Summarized by Kent Larsen
Needed Gilgal Funds Raised, But Purchase Snagged Over Boundaries
Salt Lake Tribune 8Jun00 A4
By Rebecca Walsh: Salt Lake Tribune
SALT LAKE CITY, UTAH -- The Friends of Gilgal have finally raised all
the funds needed to purchase the garden, and is ready to hand the
funds to the national Trust for Public Lands, which will buy the
garden and three nearby homes and turn them over to the city. But, a
new snag in the deal has appeared because of misunderstandings over
the property lines.
"Everybody assumed that the fence was what we're buying," said
Assistant City Attorney Lynn Pace. "Turns out the fence isn't
necessarily the property line. We need to resolve these boundary
description problems." The boundary problems need to be resolved
before the sale is scheduled to close June 19th.
In addition, the fund raising isn't entirely over. While the Friends
have raised enough to complete the purchase, they still need another
$50,000 for initial maintenance costs. The initial maintenance will
include installing new fencing, lighting and a sprinkling system.
And, on top of that, the friends think they need another $500,000 to
$800,000 to restore the crumbling statues. None of this initial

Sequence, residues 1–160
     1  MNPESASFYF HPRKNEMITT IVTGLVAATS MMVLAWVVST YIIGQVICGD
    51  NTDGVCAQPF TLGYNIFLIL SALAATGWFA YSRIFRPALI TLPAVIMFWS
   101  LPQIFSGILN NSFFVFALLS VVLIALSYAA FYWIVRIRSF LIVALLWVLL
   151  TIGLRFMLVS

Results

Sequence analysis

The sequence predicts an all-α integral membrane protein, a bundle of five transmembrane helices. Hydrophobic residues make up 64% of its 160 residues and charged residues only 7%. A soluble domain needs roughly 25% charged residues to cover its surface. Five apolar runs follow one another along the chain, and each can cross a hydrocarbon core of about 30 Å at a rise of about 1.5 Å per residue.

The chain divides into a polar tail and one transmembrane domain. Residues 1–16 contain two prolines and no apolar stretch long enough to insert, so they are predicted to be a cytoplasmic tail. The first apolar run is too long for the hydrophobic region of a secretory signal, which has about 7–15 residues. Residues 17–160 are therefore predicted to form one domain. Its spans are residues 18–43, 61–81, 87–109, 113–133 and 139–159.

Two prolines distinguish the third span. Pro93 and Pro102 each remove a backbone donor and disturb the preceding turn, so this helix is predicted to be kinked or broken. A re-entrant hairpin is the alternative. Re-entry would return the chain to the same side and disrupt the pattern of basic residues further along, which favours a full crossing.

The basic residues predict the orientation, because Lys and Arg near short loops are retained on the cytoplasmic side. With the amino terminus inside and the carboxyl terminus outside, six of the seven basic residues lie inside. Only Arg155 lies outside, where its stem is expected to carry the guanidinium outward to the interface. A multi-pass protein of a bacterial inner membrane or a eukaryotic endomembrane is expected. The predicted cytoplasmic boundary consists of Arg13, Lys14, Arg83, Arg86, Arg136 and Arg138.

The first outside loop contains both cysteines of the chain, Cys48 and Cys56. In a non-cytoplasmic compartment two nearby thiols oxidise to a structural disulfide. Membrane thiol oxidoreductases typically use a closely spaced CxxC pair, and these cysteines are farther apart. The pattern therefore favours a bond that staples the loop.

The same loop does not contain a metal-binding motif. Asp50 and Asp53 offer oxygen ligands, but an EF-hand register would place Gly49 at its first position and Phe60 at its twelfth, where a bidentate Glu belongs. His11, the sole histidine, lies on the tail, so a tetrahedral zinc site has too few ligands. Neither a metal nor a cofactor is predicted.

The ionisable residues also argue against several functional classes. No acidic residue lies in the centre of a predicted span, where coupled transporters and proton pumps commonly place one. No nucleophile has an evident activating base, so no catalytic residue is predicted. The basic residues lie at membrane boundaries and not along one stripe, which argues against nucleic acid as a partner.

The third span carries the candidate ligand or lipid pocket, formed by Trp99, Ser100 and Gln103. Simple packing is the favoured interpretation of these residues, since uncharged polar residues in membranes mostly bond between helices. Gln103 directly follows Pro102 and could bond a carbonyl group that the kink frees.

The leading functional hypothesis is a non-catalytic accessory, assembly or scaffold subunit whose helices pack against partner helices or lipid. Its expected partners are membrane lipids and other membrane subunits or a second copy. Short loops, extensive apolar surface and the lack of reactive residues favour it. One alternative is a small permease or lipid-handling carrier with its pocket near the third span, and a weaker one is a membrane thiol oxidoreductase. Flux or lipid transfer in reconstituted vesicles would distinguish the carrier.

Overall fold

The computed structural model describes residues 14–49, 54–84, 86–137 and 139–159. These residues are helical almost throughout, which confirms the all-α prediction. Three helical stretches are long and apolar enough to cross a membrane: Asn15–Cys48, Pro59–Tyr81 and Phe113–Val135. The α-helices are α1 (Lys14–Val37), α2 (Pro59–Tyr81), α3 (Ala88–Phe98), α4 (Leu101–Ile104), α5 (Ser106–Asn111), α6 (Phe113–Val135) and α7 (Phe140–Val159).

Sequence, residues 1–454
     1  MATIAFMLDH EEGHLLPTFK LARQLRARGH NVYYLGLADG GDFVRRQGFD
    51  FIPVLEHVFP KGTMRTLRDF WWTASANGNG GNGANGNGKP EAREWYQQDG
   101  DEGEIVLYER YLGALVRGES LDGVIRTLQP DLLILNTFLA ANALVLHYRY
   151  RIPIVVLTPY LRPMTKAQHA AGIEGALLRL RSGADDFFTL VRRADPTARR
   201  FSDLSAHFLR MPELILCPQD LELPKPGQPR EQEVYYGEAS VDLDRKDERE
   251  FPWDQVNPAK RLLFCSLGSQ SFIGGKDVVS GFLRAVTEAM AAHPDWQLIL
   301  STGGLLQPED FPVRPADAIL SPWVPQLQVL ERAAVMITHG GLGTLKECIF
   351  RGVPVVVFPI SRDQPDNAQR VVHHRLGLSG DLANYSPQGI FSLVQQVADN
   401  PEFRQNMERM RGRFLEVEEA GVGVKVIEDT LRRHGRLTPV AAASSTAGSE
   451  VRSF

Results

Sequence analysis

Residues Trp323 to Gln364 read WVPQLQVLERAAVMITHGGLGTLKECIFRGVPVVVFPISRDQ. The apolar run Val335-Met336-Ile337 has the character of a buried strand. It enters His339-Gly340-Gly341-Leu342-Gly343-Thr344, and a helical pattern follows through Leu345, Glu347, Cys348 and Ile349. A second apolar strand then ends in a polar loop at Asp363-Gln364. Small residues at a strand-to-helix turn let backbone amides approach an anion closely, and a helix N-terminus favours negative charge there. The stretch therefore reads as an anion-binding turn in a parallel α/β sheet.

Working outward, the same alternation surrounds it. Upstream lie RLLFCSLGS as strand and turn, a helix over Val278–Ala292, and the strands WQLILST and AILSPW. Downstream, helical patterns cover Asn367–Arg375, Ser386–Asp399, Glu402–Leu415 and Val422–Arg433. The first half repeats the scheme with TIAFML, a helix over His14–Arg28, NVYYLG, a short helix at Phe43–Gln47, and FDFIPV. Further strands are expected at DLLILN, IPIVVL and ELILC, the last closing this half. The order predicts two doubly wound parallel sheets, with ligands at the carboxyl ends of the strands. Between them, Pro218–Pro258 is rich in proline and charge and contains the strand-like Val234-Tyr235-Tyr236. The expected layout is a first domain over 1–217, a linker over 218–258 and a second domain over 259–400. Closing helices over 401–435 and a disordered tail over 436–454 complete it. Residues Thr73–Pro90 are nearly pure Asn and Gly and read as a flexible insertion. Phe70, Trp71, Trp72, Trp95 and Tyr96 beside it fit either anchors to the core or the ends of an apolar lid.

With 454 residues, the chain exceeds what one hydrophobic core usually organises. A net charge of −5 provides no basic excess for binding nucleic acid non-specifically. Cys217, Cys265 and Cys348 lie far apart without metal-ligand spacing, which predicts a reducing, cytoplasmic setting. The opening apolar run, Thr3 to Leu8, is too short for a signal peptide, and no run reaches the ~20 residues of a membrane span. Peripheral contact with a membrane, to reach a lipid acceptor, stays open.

maintenance will change the city's plans to open the garden as a
public park, just add to the things that need to be done for the
The garden is the creation of LDS bishop Thomas Child, a stonemason
and sculptor Maurice Brooks, who filled the garden with an eclectic
group of sculptures and stoneworks, many of which reflect LDS themes.
When Child died in 1963, the garden was purchased by Henry Fetzer,
who's children are now trying to sell the garden because the
liability and maintenance have become too much for the family.
The Friends of Gilgal started three years ago, persuading the Fetzer
family to not sell the garden to a Canadian real estate company that
wanted to build condominiums. Persuading the San Francisco-based
Trust for Public Lands to intervene and buy an option on the
property, they then started raising the money needed to make the
purchase. The LDS Church pledged $100,000, as did the Eccles
Foundation. Salt Lake County then pledged $400,000, nearly completing
the purchase price.